Presentations:
Elke Bauer (Marburg): Chair and introduction
Leena Kurvet-Köosaar (Tartu): The Dynamics of Family Values in Estonian Women’s Life Stories
Ineta Lipša (Riga): „Between men’s parties and women’s lists“: Self-empowerment of women through running for MP office in Latvia, 1920-1934n:
Eva Eglāja-Kristsone (Riga): Opportunities and limitations of female self-affirmation: case of the Grosvalds family
Ieva Balčiūnė (Vilnius): Beating means love: domestic violence and birth control in Soviet Lithuania
Heidi Hein-Kircher (Marburg): New States – New Women and Families? A Comment (10 min.)

Abstracts of Presentations

Leena Kurvet-Käosaar (Tartu): The Dynamics of Family Values in Estonian Women’s Life Stories

The large-scale life story initiatives of the late 1980s and early 1990s laid the foundation for the life story archive of the Estonian Literary Museum that today holds over four thousand life narratives that have accumulated both via individual donations and as the result of over twenty calls for submitting life narratives focusing on different topics and historical periods. This effort has been instrumental in the creation and advancement of a grassroots-level life writing culture in Estonia based on a belief in the unique value of every(body’s) life story for enriching and diversifying perceptions of culture and history.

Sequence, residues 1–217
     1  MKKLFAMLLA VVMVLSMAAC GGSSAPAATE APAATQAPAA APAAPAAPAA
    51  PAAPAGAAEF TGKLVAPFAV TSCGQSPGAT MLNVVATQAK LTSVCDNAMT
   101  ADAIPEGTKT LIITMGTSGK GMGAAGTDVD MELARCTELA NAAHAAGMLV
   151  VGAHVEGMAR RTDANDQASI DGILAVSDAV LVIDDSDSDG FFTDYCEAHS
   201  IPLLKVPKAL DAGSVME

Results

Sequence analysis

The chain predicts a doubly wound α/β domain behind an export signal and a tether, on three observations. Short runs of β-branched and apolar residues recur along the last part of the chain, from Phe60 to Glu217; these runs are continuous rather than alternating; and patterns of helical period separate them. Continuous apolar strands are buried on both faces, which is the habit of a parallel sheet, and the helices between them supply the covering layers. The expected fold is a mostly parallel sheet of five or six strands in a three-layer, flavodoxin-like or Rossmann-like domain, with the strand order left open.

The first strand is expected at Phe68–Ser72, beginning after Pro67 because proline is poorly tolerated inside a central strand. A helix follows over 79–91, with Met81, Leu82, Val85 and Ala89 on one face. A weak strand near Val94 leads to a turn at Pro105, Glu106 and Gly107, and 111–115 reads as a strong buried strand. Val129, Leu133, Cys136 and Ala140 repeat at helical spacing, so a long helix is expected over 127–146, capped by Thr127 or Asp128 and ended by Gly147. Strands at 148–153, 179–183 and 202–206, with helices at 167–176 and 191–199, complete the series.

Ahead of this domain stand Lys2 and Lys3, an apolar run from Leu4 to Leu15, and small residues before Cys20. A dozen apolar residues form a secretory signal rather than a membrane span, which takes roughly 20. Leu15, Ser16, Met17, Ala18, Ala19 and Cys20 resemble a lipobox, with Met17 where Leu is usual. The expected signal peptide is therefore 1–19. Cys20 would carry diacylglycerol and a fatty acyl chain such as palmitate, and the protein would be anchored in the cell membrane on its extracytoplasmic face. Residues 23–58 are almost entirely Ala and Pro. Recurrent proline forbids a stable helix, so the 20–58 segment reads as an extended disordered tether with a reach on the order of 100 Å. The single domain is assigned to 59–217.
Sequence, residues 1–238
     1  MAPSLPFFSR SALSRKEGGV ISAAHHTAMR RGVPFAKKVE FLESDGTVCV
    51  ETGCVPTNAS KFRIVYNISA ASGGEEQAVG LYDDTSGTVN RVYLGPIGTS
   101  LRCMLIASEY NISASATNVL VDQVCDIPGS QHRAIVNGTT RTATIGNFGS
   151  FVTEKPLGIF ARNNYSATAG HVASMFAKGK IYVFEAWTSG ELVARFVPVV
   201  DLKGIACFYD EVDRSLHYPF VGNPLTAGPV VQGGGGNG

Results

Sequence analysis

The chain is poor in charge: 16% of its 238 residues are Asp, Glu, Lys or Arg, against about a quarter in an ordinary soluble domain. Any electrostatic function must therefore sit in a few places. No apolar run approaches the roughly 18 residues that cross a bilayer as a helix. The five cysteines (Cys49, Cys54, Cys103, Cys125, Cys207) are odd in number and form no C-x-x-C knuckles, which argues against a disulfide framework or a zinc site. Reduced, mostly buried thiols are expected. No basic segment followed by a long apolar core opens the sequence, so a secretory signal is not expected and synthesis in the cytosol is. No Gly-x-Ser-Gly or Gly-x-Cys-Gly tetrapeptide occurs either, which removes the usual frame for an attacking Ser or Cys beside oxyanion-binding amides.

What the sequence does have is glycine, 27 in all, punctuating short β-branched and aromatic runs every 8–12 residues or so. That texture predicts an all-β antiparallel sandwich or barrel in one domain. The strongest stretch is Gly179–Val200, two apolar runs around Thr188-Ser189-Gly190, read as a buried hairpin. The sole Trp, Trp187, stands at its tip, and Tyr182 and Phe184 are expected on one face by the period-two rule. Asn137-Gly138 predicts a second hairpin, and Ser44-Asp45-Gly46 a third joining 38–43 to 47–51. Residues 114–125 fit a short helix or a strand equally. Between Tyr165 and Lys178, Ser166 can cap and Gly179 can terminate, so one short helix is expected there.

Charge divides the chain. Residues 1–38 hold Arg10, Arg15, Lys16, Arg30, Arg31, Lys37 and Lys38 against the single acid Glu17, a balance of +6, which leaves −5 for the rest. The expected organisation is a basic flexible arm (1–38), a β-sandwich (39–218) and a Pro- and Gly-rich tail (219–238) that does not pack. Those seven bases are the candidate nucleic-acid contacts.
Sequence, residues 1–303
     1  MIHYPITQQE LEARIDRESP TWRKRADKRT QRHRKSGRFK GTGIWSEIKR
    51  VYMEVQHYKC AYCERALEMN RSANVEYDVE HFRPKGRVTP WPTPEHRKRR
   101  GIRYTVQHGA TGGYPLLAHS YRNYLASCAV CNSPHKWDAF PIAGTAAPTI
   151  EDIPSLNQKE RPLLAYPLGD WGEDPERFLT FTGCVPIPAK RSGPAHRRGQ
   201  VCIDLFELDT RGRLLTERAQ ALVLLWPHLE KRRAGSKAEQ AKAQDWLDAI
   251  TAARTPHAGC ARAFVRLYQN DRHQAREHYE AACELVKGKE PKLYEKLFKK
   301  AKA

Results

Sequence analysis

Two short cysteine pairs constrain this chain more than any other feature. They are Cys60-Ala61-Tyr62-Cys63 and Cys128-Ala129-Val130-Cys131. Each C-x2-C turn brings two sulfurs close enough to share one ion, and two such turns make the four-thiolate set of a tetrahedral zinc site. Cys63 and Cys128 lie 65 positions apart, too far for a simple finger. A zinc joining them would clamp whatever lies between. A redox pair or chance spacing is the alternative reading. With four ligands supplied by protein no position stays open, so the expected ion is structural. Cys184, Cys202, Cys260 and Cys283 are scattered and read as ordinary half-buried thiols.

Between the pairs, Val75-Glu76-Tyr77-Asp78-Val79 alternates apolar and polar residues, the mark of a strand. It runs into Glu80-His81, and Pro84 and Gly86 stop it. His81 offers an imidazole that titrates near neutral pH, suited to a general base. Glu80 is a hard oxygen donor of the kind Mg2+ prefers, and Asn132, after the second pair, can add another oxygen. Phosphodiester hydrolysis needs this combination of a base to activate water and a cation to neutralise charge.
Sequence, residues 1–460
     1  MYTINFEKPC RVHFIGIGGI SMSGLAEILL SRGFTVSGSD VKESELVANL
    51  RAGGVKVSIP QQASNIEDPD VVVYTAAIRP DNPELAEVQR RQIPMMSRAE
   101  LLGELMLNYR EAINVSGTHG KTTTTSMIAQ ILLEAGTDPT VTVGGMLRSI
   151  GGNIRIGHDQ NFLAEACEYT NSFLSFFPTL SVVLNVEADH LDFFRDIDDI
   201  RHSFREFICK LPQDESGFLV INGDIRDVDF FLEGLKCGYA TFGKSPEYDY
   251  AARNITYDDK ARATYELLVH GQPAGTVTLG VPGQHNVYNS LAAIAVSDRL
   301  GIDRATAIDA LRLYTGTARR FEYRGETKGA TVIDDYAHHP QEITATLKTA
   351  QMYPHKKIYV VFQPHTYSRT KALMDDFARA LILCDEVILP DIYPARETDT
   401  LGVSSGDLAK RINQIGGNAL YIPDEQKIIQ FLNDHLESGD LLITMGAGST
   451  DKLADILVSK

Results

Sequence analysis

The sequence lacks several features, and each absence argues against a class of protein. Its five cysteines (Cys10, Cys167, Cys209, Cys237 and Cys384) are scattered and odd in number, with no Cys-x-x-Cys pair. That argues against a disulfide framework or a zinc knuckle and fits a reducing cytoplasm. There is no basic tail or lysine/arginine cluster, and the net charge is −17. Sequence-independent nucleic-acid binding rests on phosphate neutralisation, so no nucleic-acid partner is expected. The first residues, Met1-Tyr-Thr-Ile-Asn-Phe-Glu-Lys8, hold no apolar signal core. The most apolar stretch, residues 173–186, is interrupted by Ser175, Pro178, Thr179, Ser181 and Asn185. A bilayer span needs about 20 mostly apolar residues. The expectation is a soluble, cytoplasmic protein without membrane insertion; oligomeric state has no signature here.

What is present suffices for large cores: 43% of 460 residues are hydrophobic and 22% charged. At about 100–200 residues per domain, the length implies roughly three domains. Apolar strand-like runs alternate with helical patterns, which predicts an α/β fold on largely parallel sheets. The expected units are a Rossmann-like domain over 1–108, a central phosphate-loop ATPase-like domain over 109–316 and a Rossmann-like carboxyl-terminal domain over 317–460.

The current presentation is based on a selection of women’s life stories that accumulated as a result of three life story calls: “Women’s Voices” (1995, total of 30 life narratives), “My Destiny and That of my Loved Ones in the Whirlwind of History” (1996, total of 262 life narratives), “My Life and that of My Family in Estonian Soviet Socialist Republic” (2000, total of 330 life stories) and “My Life and Love” (2015., celebrating Estonia’s centenary, total of 193 life stories). Focus will be on the ways in which family values are represented and discussed in the life stories, how they support of confront with other values and aims of women’s lives as well as the ways in which these values could be realized in life. Closer attention will be paid on values that are represented in the life stories as natural(ized) for the authors and those that are viewed as being promoted by the Soviet regime. An important aspect of inquiry is the concept of the family and family configurations (e.g., single parent family, extended family) that appear in the life stories.

Ineta Lipša (Riga): „Between men’s parties and women’s lists“: Self-empowerment of women through running for MP office in Latvia, 1920-1934